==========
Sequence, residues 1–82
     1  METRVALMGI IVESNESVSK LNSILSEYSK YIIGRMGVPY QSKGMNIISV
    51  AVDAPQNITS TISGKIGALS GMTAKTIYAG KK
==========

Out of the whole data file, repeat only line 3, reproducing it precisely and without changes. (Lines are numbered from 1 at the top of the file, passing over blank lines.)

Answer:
    51  AVDAPQNITS TISGKIGALS GMTAKTIYAG KK